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Shock the World Campaign
In This Issue

       

From the cockpit to the campus, WSU alum gives back


Cooper family
Roger McClure, with canine companions Cooper and Theodore, makes his home today in South Africa.

Roger McClure has many reasons for wanting to support Wichita State, but most of them boil down to being grateful for a college experience that helped shape his future. That happened in three important areas – his military and flying career, his love of music and his tight connection with his fraternity, Sigma Alpha Epsilon.

It was while McClure was pursuing a degree in music education that he got involved in ROTC as a way to meet a physical education requirement for students. After putting in two years, he discovered he liked the class and enrolled in advanced ROTC, which carried a requirement that he serve at least four years in the military. Part of that commitment was spent in Southeast Asia during the Vietnam War, serving as a weapon systems operator in the back of an F-4 fighter jet.

That’s where he made the decision that he wanted to be a pilot. After his military stint, he obtained his license, became a flying instructor, then got hired as a pilot for a small airline called People Express Airline, later bought by Continental Airlines. He worked there for 21 years, then flew for six years as a private pilot for a Saudi sheik. “For a kid from Kansas, it was a pretty interesting life,” McClure says with a laugh. “If it hadn’t been for the Vietnam War, I’d probably be teaching music classes in a small Kansas town somewhere.” Music has always been important to him, and his time at Wichita State fed that passion.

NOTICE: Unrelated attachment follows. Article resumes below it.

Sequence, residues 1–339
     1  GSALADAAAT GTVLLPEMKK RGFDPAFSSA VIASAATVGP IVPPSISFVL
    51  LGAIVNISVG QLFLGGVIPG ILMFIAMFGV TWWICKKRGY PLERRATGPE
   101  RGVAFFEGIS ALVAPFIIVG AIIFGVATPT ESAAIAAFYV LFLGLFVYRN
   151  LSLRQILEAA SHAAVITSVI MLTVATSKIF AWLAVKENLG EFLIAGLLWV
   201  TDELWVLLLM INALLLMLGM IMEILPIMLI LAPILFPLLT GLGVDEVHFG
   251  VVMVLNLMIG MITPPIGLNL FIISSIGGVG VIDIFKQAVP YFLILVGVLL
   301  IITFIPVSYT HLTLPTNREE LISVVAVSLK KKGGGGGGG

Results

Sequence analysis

“I discovered that I wasn’t talented enough to be a concert pianist, but I learned a lot about music, and it has been a big influence in my life,” says McClure, whose home near Cape Town, South Africa, includes a Steinway grand piano.

The third area that had a profound impact on him was his involvement with Sigma Alpha Epsilon. With the help of one of his ROTC instructors, he and other students became founding members of the SAE chapter at Wichita State. This fall, the chapter will celebrate its 50th anniversary, and McClure will be there for the festivities.

Music and his fraternity are so important to him that he has endowed two scholarships supporting them at Wichita State: the Roger McClure Scholarship/Fellowship in Piano and the Roger McClure Sigma Alpha Epsilon Scholarship. His $2 million estate gift is dedicated to supplementing those two endowments.

“Roger’s decision to support WSU through his estate is an incredible expression of his commitment and affection for his alma mater,” says Darin Kater, WSU Foundation associate vice president. “His legacy of generosity will make a substantial impact on future generations of Shockers.”

Today, McClure is enjoying his retirement in South Africa, where he ended up after going on safari and discovering the beauty and affordability of the country. And he travels, including spring and fall visits to Wichita most years.

He always takes the time to wander through campus. “I find the Innovation Campus to be fantastic,” he says. “Being on the campus helps to remind me what I’m supporting, and why it’s so important.”